Between Goat Tracks and Heavy Metal: The Paradoxes of Cycling the Norwegian Coast

A land of purity, nature and fjords – or so the Norwegian tourist propaganda would have it. Here is the Nordic heart, as it both once was and should be again. Here still are relics of the pre-Christian myths that used to be common across Aryan lands. Here are the blond and strapping men and women with their blue eyes and clear skins. Here is the real origin of humanity, above the Arctic Circle.

I wanted to find out for myself, to see whether the myths measured up to reality. I was in Norway for a few months and planned to ride a Norwegian section of the North Sea Bicycle Route, a 4000 km circuit that hugs the coastline of the Netherlands, Denmark, Sweden, Norway, Scotland and England (with the odd ferry thrown in to make the necessary crossings). I had already ridden the whole Dutch and German sections, along with a stretch in Denmark, so now it was Norway’s turn. I would begin at Arendal, and make my way back to Oslo.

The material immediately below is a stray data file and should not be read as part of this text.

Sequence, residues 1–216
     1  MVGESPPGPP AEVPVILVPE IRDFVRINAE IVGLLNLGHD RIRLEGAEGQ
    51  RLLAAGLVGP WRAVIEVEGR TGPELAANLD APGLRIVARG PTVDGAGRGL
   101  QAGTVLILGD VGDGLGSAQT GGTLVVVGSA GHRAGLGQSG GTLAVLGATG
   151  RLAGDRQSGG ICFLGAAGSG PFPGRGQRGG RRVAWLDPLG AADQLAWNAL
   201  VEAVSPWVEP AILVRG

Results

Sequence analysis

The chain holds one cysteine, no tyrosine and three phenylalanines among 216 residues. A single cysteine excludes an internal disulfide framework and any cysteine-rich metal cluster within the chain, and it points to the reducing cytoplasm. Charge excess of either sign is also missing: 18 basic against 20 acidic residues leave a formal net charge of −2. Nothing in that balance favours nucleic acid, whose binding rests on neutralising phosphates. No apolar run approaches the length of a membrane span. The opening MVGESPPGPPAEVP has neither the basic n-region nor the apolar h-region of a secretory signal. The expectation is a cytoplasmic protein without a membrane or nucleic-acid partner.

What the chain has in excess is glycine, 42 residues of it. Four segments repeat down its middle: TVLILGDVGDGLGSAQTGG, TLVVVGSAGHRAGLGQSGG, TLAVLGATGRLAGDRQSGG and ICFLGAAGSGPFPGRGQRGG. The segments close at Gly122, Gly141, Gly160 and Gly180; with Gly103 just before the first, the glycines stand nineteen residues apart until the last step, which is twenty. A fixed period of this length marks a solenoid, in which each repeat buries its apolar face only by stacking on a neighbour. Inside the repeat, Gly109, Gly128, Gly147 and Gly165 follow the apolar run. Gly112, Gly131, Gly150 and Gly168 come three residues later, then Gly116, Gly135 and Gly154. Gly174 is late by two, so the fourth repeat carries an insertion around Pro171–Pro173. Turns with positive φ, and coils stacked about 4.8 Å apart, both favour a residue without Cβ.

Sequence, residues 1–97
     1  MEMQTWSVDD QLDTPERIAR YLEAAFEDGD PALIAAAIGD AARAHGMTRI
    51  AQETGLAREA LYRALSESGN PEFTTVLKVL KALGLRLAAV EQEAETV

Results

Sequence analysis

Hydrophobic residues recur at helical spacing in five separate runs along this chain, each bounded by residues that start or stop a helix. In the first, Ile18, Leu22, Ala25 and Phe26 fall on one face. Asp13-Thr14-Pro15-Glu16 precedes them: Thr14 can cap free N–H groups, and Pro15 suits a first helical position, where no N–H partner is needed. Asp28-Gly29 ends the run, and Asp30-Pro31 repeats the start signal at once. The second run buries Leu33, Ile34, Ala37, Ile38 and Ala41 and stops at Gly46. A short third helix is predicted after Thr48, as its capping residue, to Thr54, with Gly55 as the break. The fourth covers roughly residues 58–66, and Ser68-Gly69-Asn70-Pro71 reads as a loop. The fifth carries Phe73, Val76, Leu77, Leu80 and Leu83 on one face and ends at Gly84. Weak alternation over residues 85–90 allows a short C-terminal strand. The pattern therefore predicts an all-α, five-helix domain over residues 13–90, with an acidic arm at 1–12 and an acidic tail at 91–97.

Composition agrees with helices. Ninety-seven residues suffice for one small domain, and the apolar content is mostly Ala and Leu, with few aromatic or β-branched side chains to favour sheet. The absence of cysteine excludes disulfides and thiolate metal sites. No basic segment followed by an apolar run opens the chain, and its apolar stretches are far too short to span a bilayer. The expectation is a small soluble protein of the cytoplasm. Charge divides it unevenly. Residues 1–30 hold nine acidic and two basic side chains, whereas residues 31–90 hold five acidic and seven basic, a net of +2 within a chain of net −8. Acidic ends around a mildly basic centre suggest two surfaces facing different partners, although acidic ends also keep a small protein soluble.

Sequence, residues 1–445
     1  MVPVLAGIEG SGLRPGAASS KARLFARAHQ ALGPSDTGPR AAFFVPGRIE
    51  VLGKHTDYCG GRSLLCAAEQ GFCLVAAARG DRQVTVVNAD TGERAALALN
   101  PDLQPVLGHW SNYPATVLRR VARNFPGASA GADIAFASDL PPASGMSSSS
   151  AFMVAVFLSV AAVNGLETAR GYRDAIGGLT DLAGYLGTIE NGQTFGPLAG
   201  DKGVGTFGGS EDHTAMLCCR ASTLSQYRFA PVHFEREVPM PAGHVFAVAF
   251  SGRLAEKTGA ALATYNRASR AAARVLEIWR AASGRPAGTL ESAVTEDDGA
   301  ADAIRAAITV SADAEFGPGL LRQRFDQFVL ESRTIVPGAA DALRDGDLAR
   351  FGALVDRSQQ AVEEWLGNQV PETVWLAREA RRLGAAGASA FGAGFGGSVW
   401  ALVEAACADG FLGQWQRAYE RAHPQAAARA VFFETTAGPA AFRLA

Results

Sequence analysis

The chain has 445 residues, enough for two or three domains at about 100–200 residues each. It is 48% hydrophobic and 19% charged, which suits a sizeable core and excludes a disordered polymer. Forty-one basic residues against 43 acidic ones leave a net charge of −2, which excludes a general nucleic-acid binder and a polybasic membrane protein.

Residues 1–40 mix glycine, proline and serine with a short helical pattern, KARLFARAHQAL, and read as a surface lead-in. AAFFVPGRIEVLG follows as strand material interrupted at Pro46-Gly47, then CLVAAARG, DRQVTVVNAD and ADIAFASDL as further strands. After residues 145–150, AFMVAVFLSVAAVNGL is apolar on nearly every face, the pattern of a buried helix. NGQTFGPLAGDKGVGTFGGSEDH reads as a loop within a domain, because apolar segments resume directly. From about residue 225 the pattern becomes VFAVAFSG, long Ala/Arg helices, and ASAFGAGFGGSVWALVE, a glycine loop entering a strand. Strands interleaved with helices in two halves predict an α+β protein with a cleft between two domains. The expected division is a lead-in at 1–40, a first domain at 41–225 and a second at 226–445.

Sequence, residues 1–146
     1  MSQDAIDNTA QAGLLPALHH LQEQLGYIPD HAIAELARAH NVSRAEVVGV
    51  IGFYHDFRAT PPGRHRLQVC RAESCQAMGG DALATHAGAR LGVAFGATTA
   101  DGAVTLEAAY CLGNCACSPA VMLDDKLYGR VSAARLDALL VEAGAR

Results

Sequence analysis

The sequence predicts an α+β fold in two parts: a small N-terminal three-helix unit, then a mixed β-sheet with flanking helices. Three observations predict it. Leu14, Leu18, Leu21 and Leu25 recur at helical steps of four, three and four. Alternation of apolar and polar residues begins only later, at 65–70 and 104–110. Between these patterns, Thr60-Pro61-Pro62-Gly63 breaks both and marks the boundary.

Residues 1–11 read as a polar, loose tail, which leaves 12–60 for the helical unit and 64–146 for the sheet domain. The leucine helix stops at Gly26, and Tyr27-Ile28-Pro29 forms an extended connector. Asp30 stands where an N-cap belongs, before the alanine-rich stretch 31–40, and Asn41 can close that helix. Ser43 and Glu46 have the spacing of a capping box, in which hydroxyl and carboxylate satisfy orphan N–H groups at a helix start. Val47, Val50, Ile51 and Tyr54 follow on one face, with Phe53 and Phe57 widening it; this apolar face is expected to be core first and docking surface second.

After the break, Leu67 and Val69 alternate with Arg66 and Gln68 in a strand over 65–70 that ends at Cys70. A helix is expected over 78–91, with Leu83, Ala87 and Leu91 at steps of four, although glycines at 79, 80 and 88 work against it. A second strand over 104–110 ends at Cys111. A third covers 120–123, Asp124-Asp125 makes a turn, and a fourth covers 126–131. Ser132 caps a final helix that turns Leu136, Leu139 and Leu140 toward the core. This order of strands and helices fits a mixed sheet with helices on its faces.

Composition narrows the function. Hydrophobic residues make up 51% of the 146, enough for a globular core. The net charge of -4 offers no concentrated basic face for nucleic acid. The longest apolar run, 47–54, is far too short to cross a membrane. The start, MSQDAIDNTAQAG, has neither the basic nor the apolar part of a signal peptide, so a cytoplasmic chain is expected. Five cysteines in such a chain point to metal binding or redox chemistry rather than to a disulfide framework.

Six Lessons

Within a few hours of setting out, I learned a number of very important lessons. First, the season for bicycle touring in Norway is short, perhaps a couple of months. By September, the rains, winds and chills begin sweeping through, harbingers of the long winter to come. I happened to be out pedalling towards the end of that month. Second, Norwegian rain is cold and wind-driven. Rather cleverly, it has learned the knack of getting through and underneath the toughest wet weather gear.

Third, the ferries crossing fjords cease operating at the end of August. On the first couple of occasions, I dutifully cycled to a ferry wharf, only to find the ferry securely tied up for the icy winter to come – and this was on what they call, in a moment of sheer utopian dreaming, the ‘Norwegian Riviera’ (on the south coast). Each time I took a break, perused the map, and realised I had tens of kilometres extra to ride around the fjord.

2010 September 22a

Fourth, the terms ‘flat’ and road’ do not go together in Norway. ‘Precipitous climb’, ‘twisting’, ‘ear-popping drop’ are the common epithets. My eight-speed internal-hub bicycle from the flats of Denmark required a good deal of upright dancing as I climbed yet another peak. Within a day or two, my old mountain climbing skills returned, and my legs began to bulge like a steroid-abusing rider on the Tour de France.

2010 September 21a